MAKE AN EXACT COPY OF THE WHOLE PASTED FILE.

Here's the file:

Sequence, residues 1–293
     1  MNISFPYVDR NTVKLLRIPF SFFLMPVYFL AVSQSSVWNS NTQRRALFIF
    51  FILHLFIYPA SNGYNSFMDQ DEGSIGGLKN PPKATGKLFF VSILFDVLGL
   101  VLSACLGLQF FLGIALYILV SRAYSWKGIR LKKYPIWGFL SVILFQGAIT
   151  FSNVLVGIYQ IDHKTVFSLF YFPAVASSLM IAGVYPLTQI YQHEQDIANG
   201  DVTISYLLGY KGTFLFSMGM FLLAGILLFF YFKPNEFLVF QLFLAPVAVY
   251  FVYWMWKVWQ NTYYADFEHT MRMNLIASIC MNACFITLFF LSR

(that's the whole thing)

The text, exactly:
Sequence, residues 1–293
     1  MNISFPYVDR NTVKLLRIPF SFFLMPVYFL AVSQSSVWNS NTQRRALFIF
    51  FILHLFIYPA SNGYNSFMDQ DEGSIGGLKN PPKATGKLFF VSILFDVLGL
   101  VLSACLGLQF FLGIALYILV SRAYSWKGIR LKKYPIWGFL SVILFQGAIT
   151  FSNVLVGIYQ IDHKTVFSLF YFPAVASSLM IAGVYPLTQI YQHEQDIANG
   201  DVTISYLLGY KGTFLFSMGM FLLAGILLFF YFKPNEFLVF QLFLAPVAVY
   251  FVYWMWKVWQ NTYYADFEHT MRMNLIASIC MNACFITLFF LSR